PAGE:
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posted April 9, 2009 at 9:16 am

It is very easy to decide that our own personnal feelings about any one controversy is ok. It seems that may be why we have decided to put morality and the Church no more than second in our lives,it is a total breech of our faith in Christ to subvert Church doctrine. Just because the Bible is old doesn’t mean we can pick and choose what parts we want to believe or adhere to. A perfect example of this way of thinking is the United States and the constitution. No where in the U.S. constitution does it say that there is a need for or power given to any one to reinterpet the writers original intent, however men& women like Mr.& Mrs. Blair have decided that they are smarter and know better than God and the Church in this case and congress and the the courts in the case of the U.S. constitution. Mr. Blair is right in one way, where will the interpetion stop? It
s already legal in the U.S. to murder babies and to do so with the governments blessing. I’m geting older and am partially disabled am I next? If this is the future, only our faith and adherance to Gods word can save us ,one soul at a time.

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posted April 9, 2009 at 10:15 am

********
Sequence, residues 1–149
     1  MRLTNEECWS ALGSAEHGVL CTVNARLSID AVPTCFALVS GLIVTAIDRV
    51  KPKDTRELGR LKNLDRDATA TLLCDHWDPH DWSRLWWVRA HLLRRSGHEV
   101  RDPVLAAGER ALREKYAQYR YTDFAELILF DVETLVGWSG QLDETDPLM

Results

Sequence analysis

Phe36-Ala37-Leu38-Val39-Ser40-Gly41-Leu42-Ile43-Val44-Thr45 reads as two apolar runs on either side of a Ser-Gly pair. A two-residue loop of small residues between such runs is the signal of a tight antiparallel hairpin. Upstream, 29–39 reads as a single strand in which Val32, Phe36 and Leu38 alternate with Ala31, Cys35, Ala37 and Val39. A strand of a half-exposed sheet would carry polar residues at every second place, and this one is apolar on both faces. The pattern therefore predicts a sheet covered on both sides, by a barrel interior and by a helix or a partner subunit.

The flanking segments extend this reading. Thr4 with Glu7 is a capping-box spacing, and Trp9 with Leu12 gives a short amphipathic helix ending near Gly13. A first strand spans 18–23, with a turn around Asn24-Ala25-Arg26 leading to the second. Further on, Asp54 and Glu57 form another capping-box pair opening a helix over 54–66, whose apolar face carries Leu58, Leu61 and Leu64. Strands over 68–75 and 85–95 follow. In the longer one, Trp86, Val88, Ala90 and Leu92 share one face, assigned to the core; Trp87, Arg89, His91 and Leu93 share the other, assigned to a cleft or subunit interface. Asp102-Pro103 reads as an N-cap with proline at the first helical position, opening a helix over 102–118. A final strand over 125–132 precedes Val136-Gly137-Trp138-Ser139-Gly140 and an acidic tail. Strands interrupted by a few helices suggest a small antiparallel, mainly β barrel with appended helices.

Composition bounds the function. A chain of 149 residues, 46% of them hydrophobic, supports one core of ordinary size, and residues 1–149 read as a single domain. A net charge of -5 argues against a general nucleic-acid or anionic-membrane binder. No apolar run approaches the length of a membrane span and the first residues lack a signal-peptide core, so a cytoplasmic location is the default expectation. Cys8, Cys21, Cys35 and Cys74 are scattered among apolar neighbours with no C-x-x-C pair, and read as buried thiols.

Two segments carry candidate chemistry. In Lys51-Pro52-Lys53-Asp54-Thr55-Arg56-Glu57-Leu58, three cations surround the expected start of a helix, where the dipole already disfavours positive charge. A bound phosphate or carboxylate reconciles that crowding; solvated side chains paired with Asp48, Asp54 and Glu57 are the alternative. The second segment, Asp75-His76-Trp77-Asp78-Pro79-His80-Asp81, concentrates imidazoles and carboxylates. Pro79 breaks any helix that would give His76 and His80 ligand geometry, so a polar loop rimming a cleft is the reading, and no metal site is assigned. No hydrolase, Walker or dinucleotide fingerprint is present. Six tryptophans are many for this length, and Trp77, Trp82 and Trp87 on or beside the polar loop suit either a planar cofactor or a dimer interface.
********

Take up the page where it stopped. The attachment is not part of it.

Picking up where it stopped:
It certainly appears that progressive/liberal goals are to undermine the Church everywhere and everyway it can. The Slippery Slope is no longer a theory, it is a Syndrome. Just like AIDS.

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Gerard Nadal

posted April 9, 2009 at 11:14 am

Mrs. Blair:
“Therefore, when there’s a choice between endangering and not endangering life, we should always choose life,” she stressed in an interview.”
Who is the ‘we’ who should ‘choose’ life? If someone wishes to fornicate, why should ‘we’ make ourselves participants in that fornication by helping to attenuate the undesirable consequences of sin? This is entirely contrary to the mandate to preach and teach the faith. Rather, ‘we’ need to be out on the streets proclaiming the benefits of a life lived according to God’s wise design, and pointing to the consequences of going down the alternative road.
This issue is a dead horse on these threads. Basically, those who believe that the Pope should be preaching condom usage are motivated by the highest and noble ideals of care and concern. But such care and concern that makes one a participant in sin by embarking on a road of instruction on the attenuation of sin’s effects is by definition anti-evangelical, anti-Gospel.